Having spent the summers of his youth doing farmwork in the US - the closing and militarization of the border is an offensive concept to Jose Luis (left.) "We don't want to live in America - you don't need to fear us. We just want to do the jobs your people won't do and then go home..." He added, "but we must stay because crossing the border is too difficult."
Migrants pray in the church at Altar prior to connecting with their smugglers (coyotes) who will guide them through the desert for a price.
Scrawling on the pants leg of Michalandro, a migrating teen from Chiapas, Mexico. They are phone numbers for his sister who lives "near Canada." His reasoning for writing them on his pants was - "if anything bad happens to me, if I die, at least they can tell my sister." In actuality, the area code is near Nashville, TN. I called the number a few months after this picture was taken. Michalandro had not yet arrived.
Crosses marking a death of a loved one hang on the border fence in downtown Nogales, Mexico. On each cross is written the name of the deceased and how they died. Many die from dehydration, others from robbery or molestation. Some causes are unknown. An interesting point of trivia is that the holed panels these crosses hang on are recycled landing strip plates sent back from Kuwait and Iraq after the first Gulf War. They were used to build temporary airports on the desert sand.
Graffiti on the border fence in downtown Nogales, Mexico. Depicts a US border patrol agent shooting a Mexican migrant, execution style.
Neighborhood women are the backbone of finance and labor for the services provided by Casa de la Misericordia. Here they are cleaning up after a lunch meal.
Noemi Peregrino-Gonzalez, a Mexican nun, accompanies our group and gives cultural insight into the problems of economics, poverty and migration as she overlooks an invasion community of migrant laborers in Nogales, Mexico.
Hillside "invasion community" near foreign owned factories in Nogales, Mexico. These communities are called "invasion communities" because landowners offer them up in a land grab for the sole purpose of allowing people to build rudimentary living quarters without charging for the land. Once the shacks and houses have been established "service fees" are established by the landowner based on the amount of land and the quality of the house. This particular "invasion community" has no running water or sewer service. A water truck provides potable water two or three times a week for sale.
Children's toys on the Mexican hillside looking toward the US. Houses abut the fence in this "invasion community." In addition to the fence infrared cameras monitor human traffic 24/7 along this stretch of the border.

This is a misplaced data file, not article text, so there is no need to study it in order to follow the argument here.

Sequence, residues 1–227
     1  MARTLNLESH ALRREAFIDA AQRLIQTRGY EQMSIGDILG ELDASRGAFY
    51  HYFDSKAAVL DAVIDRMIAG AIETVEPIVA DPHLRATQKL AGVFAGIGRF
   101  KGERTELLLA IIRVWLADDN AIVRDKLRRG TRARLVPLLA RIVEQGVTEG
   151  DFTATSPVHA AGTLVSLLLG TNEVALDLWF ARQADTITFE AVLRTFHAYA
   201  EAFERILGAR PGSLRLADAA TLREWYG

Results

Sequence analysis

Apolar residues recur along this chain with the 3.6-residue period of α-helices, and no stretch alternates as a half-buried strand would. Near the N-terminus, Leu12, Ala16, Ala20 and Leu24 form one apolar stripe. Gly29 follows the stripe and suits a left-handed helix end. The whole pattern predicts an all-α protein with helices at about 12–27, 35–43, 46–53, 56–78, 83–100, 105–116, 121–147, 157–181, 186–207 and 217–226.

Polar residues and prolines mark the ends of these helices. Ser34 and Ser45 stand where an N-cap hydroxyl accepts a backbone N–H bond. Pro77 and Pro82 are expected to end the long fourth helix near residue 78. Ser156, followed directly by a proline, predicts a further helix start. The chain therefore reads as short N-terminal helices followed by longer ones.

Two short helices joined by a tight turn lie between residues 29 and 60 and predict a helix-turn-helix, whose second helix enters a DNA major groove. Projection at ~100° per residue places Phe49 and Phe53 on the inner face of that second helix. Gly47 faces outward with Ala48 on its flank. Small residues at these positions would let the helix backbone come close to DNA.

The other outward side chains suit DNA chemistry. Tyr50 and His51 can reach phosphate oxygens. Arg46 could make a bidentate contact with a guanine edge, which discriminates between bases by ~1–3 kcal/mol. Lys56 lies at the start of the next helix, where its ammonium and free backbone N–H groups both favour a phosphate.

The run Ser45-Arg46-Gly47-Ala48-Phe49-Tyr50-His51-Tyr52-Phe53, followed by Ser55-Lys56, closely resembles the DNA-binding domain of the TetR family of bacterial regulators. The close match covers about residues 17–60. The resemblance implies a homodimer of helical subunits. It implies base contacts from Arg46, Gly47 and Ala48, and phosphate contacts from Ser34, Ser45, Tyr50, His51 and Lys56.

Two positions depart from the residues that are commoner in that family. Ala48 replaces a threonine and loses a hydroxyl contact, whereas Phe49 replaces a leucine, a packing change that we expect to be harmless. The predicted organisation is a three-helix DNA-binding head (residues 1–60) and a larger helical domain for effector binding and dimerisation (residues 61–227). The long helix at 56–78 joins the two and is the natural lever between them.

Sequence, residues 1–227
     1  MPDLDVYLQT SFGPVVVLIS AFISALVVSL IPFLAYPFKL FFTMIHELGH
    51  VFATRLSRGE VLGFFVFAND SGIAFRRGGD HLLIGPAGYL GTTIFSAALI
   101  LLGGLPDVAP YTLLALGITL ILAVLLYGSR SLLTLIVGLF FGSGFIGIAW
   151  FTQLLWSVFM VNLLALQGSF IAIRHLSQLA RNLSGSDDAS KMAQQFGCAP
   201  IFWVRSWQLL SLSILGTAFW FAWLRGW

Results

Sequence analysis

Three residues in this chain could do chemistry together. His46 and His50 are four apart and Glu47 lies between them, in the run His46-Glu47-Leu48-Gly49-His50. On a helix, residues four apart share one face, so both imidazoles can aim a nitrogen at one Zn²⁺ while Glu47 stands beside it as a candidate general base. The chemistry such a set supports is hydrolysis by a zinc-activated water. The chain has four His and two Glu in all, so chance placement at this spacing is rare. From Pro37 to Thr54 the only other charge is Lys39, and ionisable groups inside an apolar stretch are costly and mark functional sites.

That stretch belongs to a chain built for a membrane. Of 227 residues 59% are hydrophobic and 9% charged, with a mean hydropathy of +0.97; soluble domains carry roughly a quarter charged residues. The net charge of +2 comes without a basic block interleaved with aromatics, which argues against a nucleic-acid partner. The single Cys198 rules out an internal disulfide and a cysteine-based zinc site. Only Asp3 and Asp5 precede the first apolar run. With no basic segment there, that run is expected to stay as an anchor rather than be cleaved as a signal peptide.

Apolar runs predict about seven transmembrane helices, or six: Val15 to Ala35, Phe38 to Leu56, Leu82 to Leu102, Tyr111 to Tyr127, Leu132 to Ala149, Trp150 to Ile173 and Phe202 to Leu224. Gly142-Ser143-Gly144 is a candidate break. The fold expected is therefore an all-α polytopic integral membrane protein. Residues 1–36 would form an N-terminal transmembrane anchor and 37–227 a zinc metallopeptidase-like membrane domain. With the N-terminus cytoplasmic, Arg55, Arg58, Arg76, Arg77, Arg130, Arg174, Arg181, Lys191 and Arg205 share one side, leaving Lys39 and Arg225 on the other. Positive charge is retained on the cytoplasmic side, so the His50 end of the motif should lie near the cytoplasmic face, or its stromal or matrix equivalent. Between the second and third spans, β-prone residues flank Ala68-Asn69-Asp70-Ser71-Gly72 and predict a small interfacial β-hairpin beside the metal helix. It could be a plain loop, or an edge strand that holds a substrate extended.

Memory shelf in the dining hall of Casa de la Misericordia - a neighborhood mission helping to feed and educate the children of migrants and border area workers in Nogales, Mexico.
Resilliano, a young man of 17 at the DIF Youth Repatriation center in Nogales, Mexico. He was caught by border agents in Arizona crossing into the US and will be bused back to his home town.
Rev. Robin Hoover gives last minute instructions to replenishment truck driver Marissa Rice as she heads to the desert to refill Humane Borders watering station barrels.
T.K. Estes (Tucson) and John Virgin check the water level in one of Humane Border's fresh water emergency stations in the Sonoran desert south of Tucson, AZ.
Rev. Robin Hoover of the First Christian Church (Disciples of Christ) in Tucson, AZ is the organizer of Humane Borders which has 70 water and aid stations throughout the US side of the Sonoran desert. These aid stations help migrants survive their most prevalent cause of death: dehydration. On the day of this visit he has just encountered a group of "Minutemen" border vigilantes at a public speech. Fearing a more violent encounter, Rev. Hoover was still brandishing his pistol when we rang the bell for entrance to the church.
A Humane Borders aid station in the Sonoran desert south of Tucson, AZ. The blue flag signals to migrants that fresh water is available if they are in trouble. Most migrants avoid the stations, fearing border patrol monitoring. Yet, in desperate cases of dehydration these stations ultimately save lives.
During my final semester in seminary, classmate John Virgin and I headed to Tucson, Ariz., for our “transcultural immersion” in U.S./Mexico border issues. The trip was also an opportunity to work on a photo essay I'd envisioned as part of this educational experience.
Within minutes of landing we were loaded into a van and on our way to Mexico for nearly a week. Our experience primarily consisted of time spent in locally supported training and education centers, seeing border town encampments – called “invasion communities,” visiting border employees, staying with Mexican families and touring border control/immigration processing centers.
What we found were people – migrants – heading north for the promise of lucrative border jobs in Mexico and/or a chance to enter the U.S. An overwhelming majority of people we spoke with were migrating due to poverty and trade inequities that cause their locally grown produce to be sold for much less than U.S. imports  – especially corn.
With no hope for improving economic conditions, these desperate people – including women, young children and unaccompanied teenagers – from Mexico and Central America make the often dangerous journey north to seek a better life in manufacturing jobs or an even more perilous border crossing.
All images in this essay were taken with a Leica M6 camera and 50mm Summilux lens. Films were Kodak T400CN and Fuji Superia 400.
Note: Images from this project appeared in the documentary “Beyond Borders: Faith and Action in the Arizona Desert” produced by Rebecca Woods.
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